For the Phoenix Suns last off-season, they attempted to break the mould and told Amare Stoudemire that they would only give him partially guaranteed money towards the back end of his contract fearing that his previous knee problems may resurface and become a burden on the Suns’ payroll. They were being prudent. Stoudemire, rightfully so, wasn’t interested and took the fully guaranteed deal from the Knicks. The Knicks made the playoffs and the Suns sat out this spring. Now, if all owners were like the Suns’, then perhaps Amare would have stayed but not everyone was. The opportunity to seize Amare Stoudemire for a star-hungry market in New York blinded the Knicks from seeing any future danger. And it will be interesting to see if Amare can survive the length of his deal as rumors began to swirl during mid-season that medical experts were skeptical of the durability of his knees. Amare may end up getting paid like an uber-star to wear suits on a bench towards the end of his career if this trend continues. NBA owners are at too big of a risk. Shorter contracts are a must.
3. Salary tier system. OK. Here’s where it gets tricky. I really don’t think there is any issue with the money that Lebron, Kobe, Wade, Chris Paul, Carmelo Anthony, Kevin Durant etc. all make. In fact, I think you could easily make a case that with all the revenue that these players generate for their teams that they are severely underpaid! The max contract levels are fine where they are. The main issue rests in the middling zone—or as I like to call it, the Danny Granger-Andre Igoudala zone.
Essentially teams are forced to give star money to guys that will just trap them further. Igoudala is a good player but was given his contract based on the fact that he was going to improve and become the face of the 76ers. Well, he’s didn’t and he’s not. Iggy’s a great defender with a solid-to-good offensive repertoire and high-flying ability. But the 76ers are paying him like a go-to, killer instinct, ‘I’m-going-to-win-this-game-no-matter-how-bad-my-teammates-are’ kind of guy.
Ditto for Granger who has the Pacers in this forever middling zone because as good as Granger is—if he’s your best player, you’re screwed. And right now he’s paid like the best player on a team and to no one’s surprised—the Pacers are screwed.
So, how do you solve this? By creating a money-earning tier system. I won’t go too much into detail (and probably couldn’t even if I tried) about this idea but here’s the gist:
For each team you are allowed to hand out a certain amount of contracts within a certain tier per year. For example: Team X is allowed to hand out two contracts every five years between 14 and 16 million dollars, four contracts every six years between 8 and 14 million dollars, four contracts every four years between 5 and 8 million dollars etc.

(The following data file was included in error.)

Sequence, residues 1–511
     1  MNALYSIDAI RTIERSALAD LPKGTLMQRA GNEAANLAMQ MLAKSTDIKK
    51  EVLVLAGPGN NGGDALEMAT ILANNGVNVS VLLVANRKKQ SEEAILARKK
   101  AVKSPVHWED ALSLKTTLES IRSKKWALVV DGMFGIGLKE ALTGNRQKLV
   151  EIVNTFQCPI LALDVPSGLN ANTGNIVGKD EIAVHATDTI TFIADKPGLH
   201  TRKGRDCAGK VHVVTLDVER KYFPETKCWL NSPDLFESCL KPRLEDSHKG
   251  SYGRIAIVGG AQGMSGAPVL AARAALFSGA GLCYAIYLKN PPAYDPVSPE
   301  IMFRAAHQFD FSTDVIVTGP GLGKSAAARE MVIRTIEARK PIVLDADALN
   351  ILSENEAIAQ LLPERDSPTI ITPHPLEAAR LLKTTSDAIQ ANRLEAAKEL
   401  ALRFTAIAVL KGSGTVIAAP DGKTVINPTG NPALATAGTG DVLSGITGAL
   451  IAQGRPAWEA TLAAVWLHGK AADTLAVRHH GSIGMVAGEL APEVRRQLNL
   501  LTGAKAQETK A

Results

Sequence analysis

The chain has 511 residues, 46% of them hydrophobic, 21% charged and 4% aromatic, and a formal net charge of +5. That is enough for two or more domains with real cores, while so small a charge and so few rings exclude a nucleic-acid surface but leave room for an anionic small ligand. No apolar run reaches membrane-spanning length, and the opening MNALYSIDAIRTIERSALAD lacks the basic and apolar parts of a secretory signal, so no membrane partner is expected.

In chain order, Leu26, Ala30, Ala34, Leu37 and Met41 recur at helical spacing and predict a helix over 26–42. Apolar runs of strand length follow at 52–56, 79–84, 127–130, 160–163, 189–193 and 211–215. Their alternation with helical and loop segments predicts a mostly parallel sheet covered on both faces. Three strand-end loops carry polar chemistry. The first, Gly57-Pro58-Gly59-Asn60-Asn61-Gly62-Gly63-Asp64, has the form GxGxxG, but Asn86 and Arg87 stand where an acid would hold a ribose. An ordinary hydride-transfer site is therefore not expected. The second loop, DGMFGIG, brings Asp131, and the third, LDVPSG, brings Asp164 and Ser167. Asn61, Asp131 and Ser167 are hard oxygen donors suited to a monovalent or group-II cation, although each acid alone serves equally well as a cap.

What does this accomplish? First off, it forces teams to be much smarter with how they hand out contracts. Is it really worth it to give up one of our Tier One (14-16 million) contracts to a guy who maybe isn’t worth it? What happens if a guy comes around that’s Tier One talent but you don’t have the ability to sign him? Secondly, it stops superteams. You can’t have Wade, Lebron and Bosh. This allows there to be a superstar in every market.
It also gives smaller market and less free-agent-friendly teams serious bargaining chips. If you’re Chris Paul and the Heat, Celtics and Lakers can only offer you Tier Two or Tier Three contracts and the Bobcats, Grizzlies and Bucks all have Tier One contracts available—maybe Paul chooses one of those teams. Not only that but maybe the Bucks, let’s say, also have another Tier One contract available along with a lot of Tier Two and Three’s available. They have something that very few other franchises have and even though they’re in Milwaukee they can actually spend the most! Nobody can hand out those many contracts except for them! You’ve just evened out a lot of the disparities between teams when recruiting free agency. Who cares that Miami has beaches or that Boston has the Celtics’ history when the only team that can offer you big bucks is the Hornets!
4. Make me commissioner. We’d have all of the coach Mic’d Up segments online and uncensored, Twitter feeds of sportswriters covering the games as tickers in every arena in game, fines for flopping and a play-in tournament when the 8th seed in one conference has a worse record than the 9th seed in the other.
Because then, even if we lost this season—2012-13 would be the greatest season ever.
My NBA posts are now being syndicated on Beating the Buzzer. You can check out Beating the Buzzer on Twitter @btbsports. Follow Two Guys Sports @2_GSB or my own Twitter @the_REAL_alexb. Tweet. Tweet. Tweet. Tweet.